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Evaluation of transport policy implementation in Krakow (Poland)

By Renske Martijnse / Updated: 09 Oct 2017
Krakow Case Study Picture

As part of its Transport Policy 2015-2020, Krakow developed a transport policy evaluation mechanism, the Conformity Assessment Procedure. It gathers evaluation information to be used throughout the entire SUMP process, and using it involves little financial outlay.

Developed as part of the CH4LLENGE project (an EU-funded SUMP project), it is the city’s first evaluation tool. The procedure focuses on policy implementation in nine thematic areas, with external experts carrying out many of the evaluations. The tool will be integrated into the upcoming monitoring and evaluation (M&E) plan for Krakow's SUMP.

Context 

Krakow was the first Polish city to adopt a sustainable transport policy in 1993. The city's current transport plan is based around the "Transport Policy Krakow 2015-2025", which acts as the framework for a comprehensive master plan incorporating the city's overall concept of public transport, project management, and road and public transport infrastructure investment. Krakow was a partner city in the Ch4llenge project, and the Transport Policy was devised using the SUMP approach.

However, it does not yet include specific sets of measures, nor a comprehensive M&E plan. These will form part of the SUMP currently being developed, whose approval is expected in June 2018. The transport policy evaluation mechanism described below will be part of Krakow’s SUMP, and can be an example for cities with little or no experience in evaluating mobility policy.

In action 

Nine topics are evaluated, ranging from spatial planning and public transport to environmental protection and communication with residents. Each topic has between 5 and 15 indicators. These were selected by the municipality’s Urban Infrastructure Office and an advisory board consisting of professors from technical universities. Some of the indicators include:

  • Maintaining a comfortable density of pedestrian crossings, ensuring adequate wide sidewalks and crosswalks;
  • Attracting private capital into public investment;
  • Informing citizens of planned transport investments by creating information platforms.

External experts mostly conduct the evaluations, whilst some are carried out by municipal policy officers. The experts' areas of knowledge are related to the indicators and cover topics such as urban planning, architecture, environmental science, and communications. The private sector is also called upon, with people from planning institutes and design companies used.

The experts receive documentation and detailed presentations on what has been done in the 9 different topics over the past year(s). They then conduct an independent assessment of the indicators. Firstly, the implementation of all policy topics is rated as low, average, or high. Then, the implementation of individual indicators is measured on a scale between 0-3.

The cumulative value of the ratings relating to the implementation of the indicators is compared to the potential maximum value, leading to a percentage that reflects the realised implementation. The cumulative value of all 9 policy topics determines the level of implementation of the overall transport policy.

Drawing on external perspectives provides the municipality with a broader view of its work. Outcomes of the evaluations are incorporated into transport policy development.

Results 

The Ch4llenge project enabled Krakow to implement a transport policy evaluation mechanism for the first time. The Conformity Assessment Procedure acts as the starting point for a more comprehensive M&E strategy that will form part of the upcoming SUMP. A simple approach, it can also form the basis of more in-depth evaluation studies. In the current Transport Policy, evaluation is foreseen in 2020 and 2025. However, the SUMP M&E plan would propose to make it an annual activity, and to streamline the process better.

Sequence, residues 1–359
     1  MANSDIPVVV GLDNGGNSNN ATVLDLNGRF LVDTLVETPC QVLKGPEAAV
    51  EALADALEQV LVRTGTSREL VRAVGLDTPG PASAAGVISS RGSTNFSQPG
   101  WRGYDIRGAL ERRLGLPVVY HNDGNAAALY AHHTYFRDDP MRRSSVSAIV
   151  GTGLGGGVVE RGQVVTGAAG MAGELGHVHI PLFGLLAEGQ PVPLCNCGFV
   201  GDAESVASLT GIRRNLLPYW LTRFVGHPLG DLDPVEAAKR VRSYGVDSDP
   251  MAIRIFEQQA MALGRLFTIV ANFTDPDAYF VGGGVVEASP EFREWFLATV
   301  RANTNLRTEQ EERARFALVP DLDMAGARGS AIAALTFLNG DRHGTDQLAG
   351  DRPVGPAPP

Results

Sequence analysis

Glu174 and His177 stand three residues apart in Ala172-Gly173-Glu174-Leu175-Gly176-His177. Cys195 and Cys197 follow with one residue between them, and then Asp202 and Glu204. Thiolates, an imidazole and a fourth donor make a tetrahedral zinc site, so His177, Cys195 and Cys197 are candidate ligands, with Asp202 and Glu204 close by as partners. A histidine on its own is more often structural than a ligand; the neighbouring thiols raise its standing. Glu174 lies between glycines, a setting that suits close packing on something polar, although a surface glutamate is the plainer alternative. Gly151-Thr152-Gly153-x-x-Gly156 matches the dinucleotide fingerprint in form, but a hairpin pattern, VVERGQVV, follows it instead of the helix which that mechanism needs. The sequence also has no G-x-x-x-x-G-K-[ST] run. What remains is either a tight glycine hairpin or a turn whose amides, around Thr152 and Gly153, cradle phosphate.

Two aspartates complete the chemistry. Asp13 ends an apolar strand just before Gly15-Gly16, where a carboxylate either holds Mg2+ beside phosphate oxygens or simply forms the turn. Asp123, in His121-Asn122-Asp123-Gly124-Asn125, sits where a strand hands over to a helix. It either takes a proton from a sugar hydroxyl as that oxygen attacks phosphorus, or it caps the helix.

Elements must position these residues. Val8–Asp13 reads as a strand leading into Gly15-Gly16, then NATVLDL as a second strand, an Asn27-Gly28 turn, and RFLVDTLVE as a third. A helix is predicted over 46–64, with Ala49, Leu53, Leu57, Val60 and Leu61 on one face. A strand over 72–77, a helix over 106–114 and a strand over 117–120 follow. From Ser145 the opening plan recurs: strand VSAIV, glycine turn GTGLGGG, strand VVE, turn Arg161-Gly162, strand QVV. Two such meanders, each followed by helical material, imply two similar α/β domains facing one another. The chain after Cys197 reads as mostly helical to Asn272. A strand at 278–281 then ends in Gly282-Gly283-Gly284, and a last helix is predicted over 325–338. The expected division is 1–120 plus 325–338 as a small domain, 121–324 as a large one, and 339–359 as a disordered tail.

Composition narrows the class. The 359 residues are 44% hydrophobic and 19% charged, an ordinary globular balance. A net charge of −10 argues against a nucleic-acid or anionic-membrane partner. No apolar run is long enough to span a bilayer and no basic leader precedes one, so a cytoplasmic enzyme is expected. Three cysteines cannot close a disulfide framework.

Since 2013, the Conformity Assessment Procedure has been undertaken twice. The many external evaluators have helped to ensure more balanced and unbiased policy evaluation. The trials showed that scores given by external experts were generally lower than those from internal municipal policy officers. The outcomes were presented to the City Council and have proven useful for strategic planning and policymaking, whilst also facilitating the SUMP development process.

Challenges, opportunities and transferability 

Linking the degree of implementation to high-level SUMP goals is challenging. Although the weightings assigned to the indicators provide some information on how they contribute to different aspects of urban development, there is no direct connection with factors like CO2 or congestion reduction. The M&E plan should take such things into account, with further impact evaluation measures also required.

Although it remains a work in progress, Mr Lukasz Szewczyk, Director of The Municipal Services Department of Krakow Municipality, states that “this new evaluation method is a big step forward, granting us more insight into our achievements in sustainable urban mobility. When the new SUMP and its Monitoring and Evaluation Plan is approved, we will be ready for the future.”

In Depth 
  • To read the CH4LLENGE Monitoring & Evaluation kit, click here:
  • To read the CH4LLENGE local monitoring and evaluation programmes, click here.
  • To read an introduction to the Transport Policy Krakow, click here (in Polish).
  • To download the whole policy document, click here.

For more information, contact Mr Tomasz Zwolinski -Tomasz.Zwolinski@um.krakow.pl.

Image credit: © ELTIS/Harry Schiffer

Region: 
Eastern Europe
Country: 
Poland
City: 
Kraków
AttachmentSize
PDF icon krakow_transport_policy_document.pdf265.38 KB
05 Oct 2017
09 Oct 2017
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